By Briac Trebert
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For several weeks, the children have been contracting scarlet fever, particularly in schools, in France. These invasive group A streptococcal infections it occurred mainly in certain regions: Occitania, Auvergne-Rhône-Alpes, New Aquitaine, but not only. Cases have also been reported in Île-de-France or even in Normandy and it is not over.
And this, mainly in children under 10 years of age. Public Health France issued a warning this week, facing serious cases and deaths in the past two weeks. Should we be alarmed? news.fr Make the point.
What does it have to do with strep?
“What you have to know is that scarlet fever is benign, but it is not a virus, it is a bacterium,” he explains in news.fr pediatrician and infectious disease specialist Robert Cohen. “The disease comes from group A streptococci, or a group of group A streptococci, capable of secreting toxins that cause scarlet fever,” he explains.
“Streptococcal A (Streptococcus pyogenes) infections are frequent,” recalls the Pasteur Institute. This bacterium is part of the commensal flora (Editor’s Note: complex set of bacteria, protozoa, viruses and fungi located under the superficial layer of the skin, the skin microbiota, and on a large part of the mucosa) and only causes symptoms in certain conditions (opportunistic pathogen) or in people at risk.
Streptococcus A is responsible for many benign infections (angina, impetigo) but it can also be responsible for sometimes fatal invasive infections (toxic shock syndrome, necrotizing fasciitis)”, stresses the foundation dedicated to the study of biology, microorganisms , diseases and vaccines. .
Who can be infected?
Scarlet fever causes fever, sore throat, and rash. Typical scarlet fever is characterized by an invasive phase that begins abruptly with high fever, poor general condition, vomiting, and sometimes abdominal and joint pain. The tongue can be white, and then red, raspberry color.
When group A beta-hemolytic strep enters the body, this bacterium secretes substances toxic to the body that cause these symptoms.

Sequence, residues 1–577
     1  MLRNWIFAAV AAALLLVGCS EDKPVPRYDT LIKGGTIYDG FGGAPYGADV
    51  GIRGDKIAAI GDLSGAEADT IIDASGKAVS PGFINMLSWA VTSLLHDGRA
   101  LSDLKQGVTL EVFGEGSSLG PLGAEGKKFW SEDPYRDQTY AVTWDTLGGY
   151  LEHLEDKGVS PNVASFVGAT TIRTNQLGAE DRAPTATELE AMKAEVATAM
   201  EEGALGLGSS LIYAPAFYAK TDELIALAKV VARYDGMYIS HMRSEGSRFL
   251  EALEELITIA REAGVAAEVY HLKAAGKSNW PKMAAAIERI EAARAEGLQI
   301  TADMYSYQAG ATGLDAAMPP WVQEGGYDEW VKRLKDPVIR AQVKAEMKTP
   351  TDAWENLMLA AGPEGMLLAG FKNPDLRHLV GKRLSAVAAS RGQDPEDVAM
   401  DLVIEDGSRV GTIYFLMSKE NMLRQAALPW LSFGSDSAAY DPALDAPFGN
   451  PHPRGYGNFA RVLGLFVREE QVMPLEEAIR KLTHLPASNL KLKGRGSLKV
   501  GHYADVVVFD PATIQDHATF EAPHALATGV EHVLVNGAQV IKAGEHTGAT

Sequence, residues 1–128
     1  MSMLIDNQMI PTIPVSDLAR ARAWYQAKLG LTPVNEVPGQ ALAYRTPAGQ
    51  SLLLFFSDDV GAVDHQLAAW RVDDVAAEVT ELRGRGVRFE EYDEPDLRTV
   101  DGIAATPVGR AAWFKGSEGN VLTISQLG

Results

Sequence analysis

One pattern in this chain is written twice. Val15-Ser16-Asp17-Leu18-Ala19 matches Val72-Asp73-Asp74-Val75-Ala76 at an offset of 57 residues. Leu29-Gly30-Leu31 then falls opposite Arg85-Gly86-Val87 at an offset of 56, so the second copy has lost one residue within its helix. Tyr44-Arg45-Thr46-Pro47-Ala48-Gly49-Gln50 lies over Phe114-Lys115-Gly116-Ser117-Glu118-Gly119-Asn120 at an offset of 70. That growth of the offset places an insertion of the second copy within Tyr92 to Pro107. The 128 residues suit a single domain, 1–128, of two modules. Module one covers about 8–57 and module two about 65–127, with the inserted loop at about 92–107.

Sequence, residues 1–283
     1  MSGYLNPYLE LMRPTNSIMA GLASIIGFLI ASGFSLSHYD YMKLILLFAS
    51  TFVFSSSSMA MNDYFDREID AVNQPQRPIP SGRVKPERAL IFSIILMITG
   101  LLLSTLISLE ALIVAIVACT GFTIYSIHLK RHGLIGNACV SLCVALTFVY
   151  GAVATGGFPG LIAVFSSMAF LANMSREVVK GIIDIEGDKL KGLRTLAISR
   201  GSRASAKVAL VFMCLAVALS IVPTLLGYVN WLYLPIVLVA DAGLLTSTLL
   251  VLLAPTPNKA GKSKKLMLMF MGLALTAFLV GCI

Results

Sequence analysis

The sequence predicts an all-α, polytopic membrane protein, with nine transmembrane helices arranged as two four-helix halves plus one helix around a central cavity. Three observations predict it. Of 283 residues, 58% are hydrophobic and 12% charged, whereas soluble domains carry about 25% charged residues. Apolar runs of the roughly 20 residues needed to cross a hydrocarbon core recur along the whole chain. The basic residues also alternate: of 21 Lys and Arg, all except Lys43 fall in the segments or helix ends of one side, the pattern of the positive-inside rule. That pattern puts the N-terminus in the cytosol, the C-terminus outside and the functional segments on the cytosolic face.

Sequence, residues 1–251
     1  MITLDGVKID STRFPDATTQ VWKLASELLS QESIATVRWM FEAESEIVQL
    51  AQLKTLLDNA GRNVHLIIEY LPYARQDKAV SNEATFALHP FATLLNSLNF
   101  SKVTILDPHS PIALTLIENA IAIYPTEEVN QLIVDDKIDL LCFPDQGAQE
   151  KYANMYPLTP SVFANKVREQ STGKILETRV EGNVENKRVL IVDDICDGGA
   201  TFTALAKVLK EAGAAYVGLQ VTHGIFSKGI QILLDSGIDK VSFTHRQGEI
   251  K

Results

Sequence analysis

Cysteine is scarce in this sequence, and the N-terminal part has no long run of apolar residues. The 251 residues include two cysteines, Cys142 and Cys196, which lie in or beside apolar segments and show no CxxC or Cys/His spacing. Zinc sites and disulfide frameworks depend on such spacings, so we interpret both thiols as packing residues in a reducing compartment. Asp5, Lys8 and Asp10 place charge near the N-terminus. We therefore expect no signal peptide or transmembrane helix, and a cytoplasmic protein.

Younger children are usually immune to scarlet fever. They are protected by their mother’s antibodies transmitted during pregnancy, through the placenta. Therefore, scarlet fever is rare in children under two years of age.
Scarlet fever mainly affects children between the ages of 5 and 10 during the winter, causing small epidemics that spread mainly at school, but it is not serious at all if it is monitored and detected early.
What to do if your child has scarlet fever symptoms?
From the first symptoms, the measures to be taken are to carry out “a strepto-test, a rapid diagnostic test that can be carried out by a doctor or in a pharmacy. And obviously, if your child’s school has reported a case, the doctor will make the diagnosis faster. The idea is that in case of angina antibiotics are prescribed only for group A streptococcal angina”, explains the doctor.
Curative treatment should be started as soon as possible. The recommended antibiotic therapy is usually amoxicillin for six days. But the general condition of the child usually improves in 24 to 48 hours.
How is scarlet fever transmitted?
The bacteria responsible for scarlet fever is present in secretions from the nose and pharynx. Contamination thus occurs through the air (coughing, sneezing, sputtering projected when speaking), by carrying hands dirty with the secretions of a patient, in the mouth or nose, or, more rarely, indirectly, by touching freshly soiled with secretions.
People with scarlet fever become contagious as soon as the bacteria settles in their pharynx, even before the onset of symptoms. This explains why epidemics can develop despite the isolation of patients. The incubation period is usually one to four days, but can be longer. The duration of contagiousness is 48 hours after the start of effective antibiotic therapy, but can last for two to three weeks in the absence of (antibiotic) treatment.
Should we worry about these strep A infections?
In recent weeks, the number of children infected with strep A has increased significantly. At least eight children have been admitted to intensive care in different regions in the past 15 days and two child deaths have already been recorded. But if health authorities encourage doctors to perform saliva tests on all children with angina symptoms, “there’s nothing to worry about,” Dr. Cohen insists.
“There have been serious bouts of scarlet fever, but today, thanks to antibiotics, if taken quickly, the disease is not a cause for concern. The only cases that can really be a problem are children in which the secretion of toxins can be stronger. But it’s really rare and exceptional,” she says.
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